Who knew we'd have so much fun at a 4th of July Lawn Mower Brigade? And who knew we'd end up winning the 'float' competition? Here we are on Main Street in Hanover and on the Dartmouth Green with the prize sponsors from White River Toyota. We are proud to contribute the $500 prize to Hanover's Ready for 100% Clean Energy efforts.
We especially enjoyed sharing our enthusiasm with members of the community with a Lawn Care Jeopardy game, a raffle to inspire participation, and hands-on experiences with the various machines on display that had been in the parade.
The best part, is that electric lawn care is here to stay. You can purchase a Fiskars Reel Mowers at Dan & Whit's and electric weed whackers at Hanover Hardware. You can also purchase Consumer Reports rated push mowers from Lowe's and Home Depot, among other options.
If you are really curious about how electronic innovations can help you save time, money and energy on your lawn, check out the new robotic mowers! Once installed, they automatically mow your lawn. To explore those options, get in touch with the two dealers in our region: D & B Outdoor Power Equipment, LLC in Lebanon, NH sells the Husqvarna robotic mower and Green-E-Mowers in Bradford, VT is an authorized dealer of the Robomow robotic mower (e-mail Nancy Rae Mallery).
Finally, there is the Mean Green NXR-48/52 (Nemesis) zero-turn mower which is designed specifically for the residential market. Because it can mow between 1.25 and 2.50 hours (or 2.5 to 5 acres) on one charge and costs $9,000 to $10,000 depending on deck side and battery size, it’s best suited for homeowners with large lawns (2 to 5+ acres). Because it’s designed to hold only one battery, it’s a bit smaller and about half the price of their commercial/professional CXR-52/60 zero-turn riding mower (Pictured here). To learn more about this option, e-mail Steven Wisbaum from Eco-Equipment Supply.
Like I said, who knew an electric and people-powered lawn care brigade could be such fun?
March 28, 2018 Town of Hanover, NH Energy Forum
It's been a year since Hanover became the first community in the country to vote to adopt the Sierra Club's Ready for 100% Renewables goals of 100% renewable electricity by 2030 and 100% renewable heating and transportation by 2050. What's happened since we made this commitment in May 2017?
We were honored to support the Energy Sub-committee of Hanover's Sustainability Committee at the March 2018 Achieving 100% Renewables Forum at the Richard Black Center. The evening began with an inspiring presentation by Dan Kalafatas, Chairman and Co-Founder of 3Degrees, a California-based business that offers comprehensive clean energy services that enable organizations, utilities and individuals to transition towards a low-carbon economy. A Dartmouth Alum, Mr. Kalafatas has been hired by Hanover to help the town's leadership make good and efficient decisions as we proceed.
Our Town Manager, Julia Griffin, followed with a review of all that the town has done to weatherize its buildings, improve energy efficiency, and install renewables. Check out this impressive visual summary!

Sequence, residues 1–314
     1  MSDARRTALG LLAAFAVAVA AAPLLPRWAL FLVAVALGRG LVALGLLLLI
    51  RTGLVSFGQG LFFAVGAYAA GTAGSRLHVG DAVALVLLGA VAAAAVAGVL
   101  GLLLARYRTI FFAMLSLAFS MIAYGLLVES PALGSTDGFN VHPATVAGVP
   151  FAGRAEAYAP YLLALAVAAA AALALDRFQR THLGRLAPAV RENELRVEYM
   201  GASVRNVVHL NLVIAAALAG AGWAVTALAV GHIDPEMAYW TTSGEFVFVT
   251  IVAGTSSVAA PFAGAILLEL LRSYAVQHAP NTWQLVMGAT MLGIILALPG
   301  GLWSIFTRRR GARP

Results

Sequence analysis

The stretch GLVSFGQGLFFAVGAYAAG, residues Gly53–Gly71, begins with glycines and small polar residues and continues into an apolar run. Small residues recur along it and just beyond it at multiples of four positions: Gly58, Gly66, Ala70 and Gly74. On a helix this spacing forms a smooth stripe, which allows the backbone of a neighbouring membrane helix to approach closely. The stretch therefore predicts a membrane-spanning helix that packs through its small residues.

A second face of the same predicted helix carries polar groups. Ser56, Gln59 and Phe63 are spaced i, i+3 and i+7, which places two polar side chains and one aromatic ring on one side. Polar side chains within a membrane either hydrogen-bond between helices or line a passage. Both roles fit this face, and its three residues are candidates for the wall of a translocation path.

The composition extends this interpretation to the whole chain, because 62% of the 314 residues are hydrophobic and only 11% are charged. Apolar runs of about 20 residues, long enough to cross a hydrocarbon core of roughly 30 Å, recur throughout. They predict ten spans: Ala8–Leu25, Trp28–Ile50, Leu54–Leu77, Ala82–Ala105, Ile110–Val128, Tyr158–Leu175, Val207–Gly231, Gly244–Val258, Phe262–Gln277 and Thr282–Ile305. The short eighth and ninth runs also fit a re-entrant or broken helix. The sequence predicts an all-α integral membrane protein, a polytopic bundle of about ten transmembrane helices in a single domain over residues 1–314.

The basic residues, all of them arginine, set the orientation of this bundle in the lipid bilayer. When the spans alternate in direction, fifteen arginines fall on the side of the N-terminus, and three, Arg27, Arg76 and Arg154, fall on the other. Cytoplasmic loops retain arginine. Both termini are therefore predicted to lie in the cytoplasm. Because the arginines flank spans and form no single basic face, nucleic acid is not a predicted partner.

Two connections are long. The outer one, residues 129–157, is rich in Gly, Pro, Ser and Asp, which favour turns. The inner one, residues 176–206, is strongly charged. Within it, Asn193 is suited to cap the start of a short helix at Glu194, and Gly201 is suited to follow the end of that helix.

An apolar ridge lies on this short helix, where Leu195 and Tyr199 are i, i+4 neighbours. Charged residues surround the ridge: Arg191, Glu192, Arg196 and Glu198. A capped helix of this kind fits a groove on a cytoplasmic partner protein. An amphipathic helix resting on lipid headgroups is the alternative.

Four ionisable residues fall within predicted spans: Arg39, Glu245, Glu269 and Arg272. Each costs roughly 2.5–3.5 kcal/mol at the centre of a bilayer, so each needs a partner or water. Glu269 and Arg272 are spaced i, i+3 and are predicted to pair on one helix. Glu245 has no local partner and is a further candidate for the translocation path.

Yolanda Baumgartner, Co-Chair of the Sustainable Hanover Committee, gave additional details about Sustainable Hanover's Energy-Subcommittee. We are inspired by the clarity of their vision and the specificity of what each sector can do. As a Neighborhood Action group, we are particular excited to help residents at the ground level as they explore community solar, solar at their homes, and other ways to shift away from fossil fuel dependence.
The evening concluded with a panel discussion and Q & A. There was interest in getting additional support for residents as they weigh different decisions and try to make informed and financially viable choices for transitioning to renewables. The big message: Weatherize and work on efficiency first, then purchase the systems you need when what you have is ready to be replaced.
As neighborhood leaders, were were inspired by the data the town has gathered on our current solar penetration. The Dogford/Hanover Center community has 17 solar installations and The Carriage Lane/Lindy/Orchard neighborhood has 7 installations generating a combined total of 158.16Kwh of power per year. Etna Village, Greensboro Road and North Hanover with a combined total of 26 installations generating 183.89Kwh. In town, the Mink Brook, South Street and Hovey Lane neighborhood has 11 solar installations generating 67.65 Kwh of power. What can we achieve between now and next year?
We know there are numerous constraints that limit homeowners in their options for renewable power. We hope that through ongoing neighborhood level conversations we can brainstorm strategies for getting to 100% Renewable Electricity by 2030.
If Hanover can't do it, who can?
Here's what some businesses in town have accomplished
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